The information on this page was last updated by Horty, Springer & Mattern on January 15, 2019.
Pa. Stat. Ann. 35 P.S. §448.806a. Reporting incidents of professional misconduct
(a) Reports required.–Health care facilities and hospitals, licensed under this act, shall make a report or cause a report to be made to the State Board of Medical Education and Licensure or the State Board of Osteopathic Examiners, whichever is applicable, within 60 days of the occurrence of any of the following:
(1) The termination or curtailment of the employment, association or professional privileges of a physician, licensed under the provisions of the act of July 20, 1974 (P.L. 551, No. 190), known as the “Medical Practice Act of 1974,” [63 P.S. § 421.1 et seq. (repealed; see, now, 63 P.S. § 422.1 et seq.)] or the act of October 5, 1978 (P.L. 1109, No. 261), known as the “Osteopathic Medical Practice Act,” [63 P.S. § 271.1 et seq.] whichever the case may be, with a health care facility or hospital where there exists reasonable cause to believe malpractice or misconduct has occurred.
(2) The resignation or withdrawal of association or of privileges with a facility or hospital to avoid the imposition of disciplinary measures.
(3) The receipt of written information which establishes that any physician who has a right to practice or who has applied to practice at the health care facility or hospital has been convicted of a felony.
(b) Contents.–Reports made pursuant to this section shall be made in writing to the State Board of Medical Education and Licensure or the State Board of Osteopathic Examiners, whichever is appropriate, with respect to any physician as licensed under acts referred to in subsection (a). Written reports shall include the following information: name, address, profession and license number of the person involved, a description of the action taken by the facility or hospital, including the reason therefor and date thereof, or the nature of the action or conduct which led to the resignation or withdrawal and the date thereof, any conviction of a felony of which the facility or hospital has received the written information required by subsection (a)(3) and such other information as the Department of State may require.
(1) Any report or information furnished to the boards in question, in accordance with the provisions of this section, shall be deemed a confidential communication and shall not be subject to inspection or disclosure, in any manner, except upon formal written request by a duly authorized public agency or pursuant to a judicial subpoena issued in a pending action or proceeding.
(2) Any person, facility or corporation which makes a report pursuant to this section in good faith and without malice shall have immunity from any liability, civil or criminal, for having made such a report. For the purpose of any proceeding, civil or criminal, the good faith of any person required to make a report shall be presumed.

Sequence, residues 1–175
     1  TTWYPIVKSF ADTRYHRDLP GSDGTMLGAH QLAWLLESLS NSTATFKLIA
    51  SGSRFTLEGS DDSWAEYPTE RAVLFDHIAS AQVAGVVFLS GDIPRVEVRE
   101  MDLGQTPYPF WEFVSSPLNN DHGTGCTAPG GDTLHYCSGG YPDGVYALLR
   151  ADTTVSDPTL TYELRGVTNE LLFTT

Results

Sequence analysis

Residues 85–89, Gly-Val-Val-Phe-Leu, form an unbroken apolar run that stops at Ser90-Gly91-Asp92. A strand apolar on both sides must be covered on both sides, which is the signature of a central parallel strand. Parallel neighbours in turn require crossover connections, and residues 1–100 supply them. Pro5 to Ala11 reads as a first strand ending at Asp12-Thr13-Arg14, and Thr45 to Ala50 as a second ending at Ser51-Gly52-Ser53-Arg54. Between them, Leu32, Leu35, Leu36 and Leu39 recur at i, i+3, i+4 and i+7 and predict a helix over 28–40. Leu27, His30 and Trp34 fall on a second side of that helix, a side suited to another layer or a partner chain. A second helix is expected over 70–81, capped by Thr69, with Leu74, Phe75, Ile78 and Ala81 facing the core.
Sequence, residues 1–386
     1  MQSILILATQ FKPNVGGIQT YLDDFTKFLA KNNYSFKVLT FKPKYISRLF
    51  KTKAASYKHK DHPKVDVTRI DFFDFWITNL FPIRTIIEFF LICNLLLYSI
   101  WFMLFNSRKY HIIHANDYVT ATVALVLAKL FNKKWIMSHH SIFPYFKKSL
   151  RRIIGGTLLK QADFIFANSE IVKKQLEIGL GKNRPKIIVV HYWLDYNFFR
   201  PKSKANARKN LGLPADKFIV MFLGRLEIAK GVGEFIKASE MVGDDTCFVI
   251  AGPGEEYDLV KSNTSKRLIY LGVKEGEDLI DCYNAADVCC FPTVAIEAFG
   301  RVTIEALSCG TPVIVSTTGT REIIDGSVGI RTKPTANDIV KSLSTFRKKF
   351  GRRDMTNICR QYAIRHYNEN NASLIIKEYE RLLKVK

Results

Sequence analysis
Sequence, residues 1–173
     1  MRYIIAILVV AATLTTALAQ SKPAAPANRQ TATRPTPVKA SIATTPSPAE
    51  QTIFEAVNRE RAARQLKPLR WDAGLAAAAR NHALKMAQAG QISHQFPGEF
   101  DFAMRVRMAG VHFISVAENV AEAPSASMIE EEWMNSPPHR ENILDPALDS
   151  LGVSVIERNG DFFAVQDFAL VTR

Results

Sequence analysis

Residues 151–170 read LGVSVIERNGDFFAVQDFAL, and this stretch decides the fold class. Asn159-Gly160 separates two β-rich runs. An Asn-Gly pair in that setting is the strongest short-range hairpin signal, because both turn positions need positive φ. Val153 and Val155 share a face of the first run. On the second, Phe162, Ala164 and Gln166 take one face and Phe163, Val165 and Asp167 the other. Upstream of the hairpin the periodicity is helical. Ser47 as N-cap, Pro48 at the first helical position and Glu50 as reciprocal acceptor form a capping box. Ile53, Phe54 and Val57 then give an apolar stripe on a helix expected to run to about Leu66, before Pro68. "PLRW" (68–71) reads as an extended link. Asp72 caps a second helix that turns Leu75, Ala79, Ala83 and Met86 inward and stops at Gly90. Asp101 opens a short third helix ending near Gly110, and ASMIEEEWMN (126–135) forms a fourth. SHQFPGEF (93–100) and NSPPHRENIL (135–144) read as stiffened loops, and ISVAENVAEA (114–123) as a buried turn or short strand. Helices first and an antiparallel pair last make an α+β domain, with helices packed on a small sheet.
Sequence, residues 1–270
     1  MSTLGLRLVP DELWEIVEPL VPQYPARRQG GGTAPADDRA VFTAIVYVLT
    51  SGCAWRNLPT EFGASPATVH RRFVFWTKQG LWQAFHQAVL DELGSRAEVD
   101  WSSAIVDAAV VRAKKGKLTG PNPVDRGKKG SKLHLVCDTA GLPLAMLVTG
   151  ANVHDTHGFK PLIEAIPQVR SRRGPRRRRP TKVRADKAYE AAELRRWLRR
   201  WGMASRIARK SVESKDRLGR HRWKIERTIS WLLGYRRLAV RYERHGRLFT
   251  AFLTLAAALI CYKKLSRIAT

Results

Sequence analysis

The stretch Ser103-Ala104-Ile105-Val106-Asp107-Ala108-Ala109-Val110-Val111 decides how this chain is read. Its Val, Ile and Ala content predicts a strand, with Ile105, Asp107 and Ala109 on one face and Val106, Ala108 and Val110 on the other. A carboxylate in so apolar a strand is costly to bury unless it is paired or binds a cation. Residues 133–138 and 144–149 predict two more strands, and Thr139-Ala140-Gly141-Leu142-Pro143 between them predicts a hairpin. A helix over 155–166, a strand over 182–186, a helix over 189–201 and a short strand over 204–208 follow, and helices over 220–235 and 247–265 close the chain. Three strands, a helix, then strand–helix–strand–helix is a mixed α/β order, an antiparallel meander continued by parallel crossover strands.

63 P.S. §422.4. Impaired professionals [applicable to allopathic physicians]
(f) Reports to the board.–Any hospital or health care facility, peer or colleague who has substantial evidence that a professional has an active addictive disease for which the professional is not receiving treatment, is diverting a controlled substance or is mentally or physically incompetent to carry out the duties of his or her license shall make or cause to be made a report to the board: Provided, That any person or facility who acts in a treatment capacity to an impaired physician in an approved treatment program is exempt from the mandatory reporting requirements of this subsection. Any person or facility who reports pursuant to this section in good faith and without malice shall be immune from any civil or criminal liability arising from such report. Failure to provide such report within a reasonable time from receipt of knowledge of impairment shall subject the person or facility to a fine not to exceed $1,000. The board shall levy this penalty only after affording the accused party the opportunity for a hearing, as provided in Title 2 of the Pennsylvania Consolidated Statutes (relating to administrative law and procedure).
Identical language applicable to osteopathic physicians can be found at 63 P.S. §271.16c. In addition, identical language applicable to other health care professionals can be found as follows: podiatrists at 63 P.S. §42.21b, optometrists at 63 P.S. §244.7a, chiropractors at 63 P.S. §625.509, and psychologists at 63 P.S. §1218.